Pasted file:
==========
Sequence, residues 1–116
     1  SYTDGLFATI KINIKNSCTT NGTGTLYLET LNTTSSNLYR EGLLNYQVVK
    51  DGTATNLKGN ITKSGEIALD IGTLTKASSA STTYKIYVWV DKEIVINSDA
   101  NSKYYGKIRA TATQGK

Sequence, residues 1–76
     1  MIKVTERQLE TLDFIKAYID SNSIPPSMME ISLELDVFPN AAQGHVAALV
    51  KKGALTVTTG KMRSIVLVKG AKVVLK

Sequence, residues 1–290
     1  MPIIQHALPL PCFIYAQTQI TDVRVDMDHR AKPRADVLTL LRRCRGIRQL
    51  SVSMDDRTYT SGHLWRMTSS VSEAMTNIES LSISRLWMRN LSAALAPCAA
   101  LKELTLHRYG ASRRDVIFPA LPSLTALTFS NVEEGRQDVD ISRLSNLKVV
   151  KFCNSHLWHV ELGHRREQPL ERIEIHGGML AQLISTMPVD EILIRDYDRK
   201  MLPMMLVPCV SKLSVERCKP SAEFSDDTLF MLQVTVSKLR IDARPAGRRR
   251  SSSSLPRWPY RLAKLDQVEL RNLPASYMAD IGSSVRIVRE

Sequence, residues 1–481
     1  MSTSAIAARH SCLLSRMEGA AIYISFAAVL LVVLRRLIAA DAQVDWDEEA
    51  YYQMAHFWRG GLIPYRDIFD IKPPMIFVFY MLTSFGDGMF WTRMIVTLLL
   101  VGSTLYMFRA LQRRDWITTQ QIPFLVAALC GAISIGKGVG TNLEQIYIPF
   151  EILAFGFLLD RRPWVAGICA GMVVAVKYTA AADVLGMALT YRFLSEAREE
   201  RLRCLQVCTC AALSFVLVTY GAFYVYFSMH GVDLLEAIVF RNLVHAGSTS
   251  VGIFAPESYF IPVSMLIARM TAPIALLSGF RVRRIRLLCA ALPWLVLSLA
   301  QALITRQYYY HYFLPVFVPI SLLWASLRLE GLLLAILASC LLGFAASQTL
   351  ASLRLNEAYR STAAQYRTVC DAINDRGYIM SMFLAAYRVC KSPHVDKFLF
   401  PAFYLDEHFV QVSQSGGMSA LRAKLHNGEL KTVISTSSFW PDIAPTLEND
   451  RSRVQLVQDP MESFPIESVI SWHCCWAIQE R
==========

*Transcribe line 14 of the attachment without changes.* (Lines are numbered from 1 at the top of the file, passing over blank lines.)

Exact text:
   251  SSSSLPRWPY RLAKLDQVEL RNLPASYMAD IGSSVRIVRE